CASPER, Wyo. — The 93rd annual Midsummer’s Eve celebration will take place at 7 p.m. Tuesday, June 21 at Crimson Dawn, 1620 Crimson Dawn Road on Casper Mountain.
Rebecca Weaver Hunt, PhD, has been the event’s storyteller for 31 years and will again bring the Crimson Dawn characters created by Neal Forsling to life during Tuesday’s summer solstice celebration.
Hunt has had a lifelong relationship with Crimson Dawn — the Midsummer’s Eve celebrations even played a role in her parents getting married. One of the traditions on the solstice is for people to throw red dirt on a bonfire and make a wish.
“They make a wish and the theory is that one person that makes a wish is going to get their wish,” Hunt said.
When her father, Warren Weaver, threw dirt on the bonfire in 1951, he wished for a wife. A week later, Warren and Hunt’s mother, Sara, were married.
Hunt attended her first Midsummer’s Eve celebration when she was 10 months old.
“I was always there as a kid,” Hunt said. “I was different characters at different times helping out.”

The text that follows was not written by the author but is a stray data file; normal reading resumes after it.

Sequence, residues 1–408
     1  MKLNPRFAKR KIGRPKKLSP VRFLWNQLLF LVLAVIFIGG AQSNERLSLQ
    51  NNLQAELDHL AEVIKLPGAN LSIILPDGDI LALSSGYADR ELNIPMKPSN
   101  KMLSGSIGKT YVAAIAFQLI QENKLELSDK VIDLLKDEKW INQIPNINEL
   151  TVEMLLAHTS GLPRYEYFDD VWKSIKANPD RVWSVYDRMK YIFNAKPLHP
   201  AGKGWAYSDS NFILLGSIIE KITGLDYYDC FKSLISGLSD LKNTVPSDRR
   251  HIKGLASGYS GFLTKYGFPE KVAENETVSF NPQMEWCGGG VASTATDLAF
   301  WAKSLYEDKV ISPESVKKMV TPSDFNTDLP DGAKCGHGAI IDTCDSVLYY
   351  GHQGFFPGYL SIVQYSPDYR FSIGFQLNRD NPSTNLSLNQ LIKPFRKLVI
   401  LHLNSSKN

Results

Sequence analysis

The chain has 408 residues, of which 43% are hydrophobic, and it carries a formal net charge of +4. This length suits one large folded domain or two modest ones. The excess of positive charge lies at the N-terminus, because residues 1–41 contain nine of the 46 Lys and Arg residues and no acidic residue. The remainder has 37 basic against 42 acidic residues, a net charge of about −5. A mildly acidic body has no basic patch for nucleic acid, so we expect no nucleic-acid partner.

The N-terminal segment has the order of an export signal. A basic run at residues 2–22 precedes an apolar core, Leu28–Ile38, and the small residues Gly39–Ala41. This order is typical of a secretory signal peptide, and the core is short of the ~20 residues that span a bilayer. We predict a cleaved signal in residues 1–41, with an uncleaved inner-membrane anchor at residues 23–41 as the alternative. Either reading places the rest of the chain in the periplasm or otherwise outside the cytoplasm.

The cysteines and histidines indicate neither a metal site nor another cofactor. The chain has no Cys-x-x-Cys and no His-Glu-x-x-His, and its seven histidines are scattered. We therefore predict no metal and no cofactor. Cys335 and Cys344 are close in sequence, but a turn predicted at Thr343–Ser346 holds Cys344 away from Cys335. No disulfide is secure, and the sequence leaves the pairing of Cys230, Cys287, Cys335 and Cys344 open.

When Hunt moved back to Casper from Denver in the 1980s, Forsling’s elder daughter Mary approached her about possibly becoming the storyteller for the event.
“She started saying to me, ‘Why don’t you walk with me? You’ll be kind of my study and influence,'” Hunt recalled.
Hunt gradually started telling more and more of the stories under Mary’s guidance during her apprenticeship before fully taking over the role of storyteller in 1991. Hunt is now seeking someone she can train to become the next storyteller to keep the tradition alive.
“I’m trying to find someone who has a long history who really understands the meaning,” Hunt said.
Until an apprentice can be found, Hunt will remain the storyteller and is encouraging people to come participate in the celebration on Tuesday.
“We start at 7 o’clock, but it’s better to come earlier to get a place to park because you have to park on the East End Road and walk in,” Hunt said ahead of the celebration. “There’s only a little bit of parking close by for people who are mobility-limited.”
The Midsummer’s Eve celebration will begin with storytelling, followed by a walk through the woods. People will be portraying characters created by Forsling at each of the shrines on the Crimson Dawn property, and Hunt will help tell the story of those characters.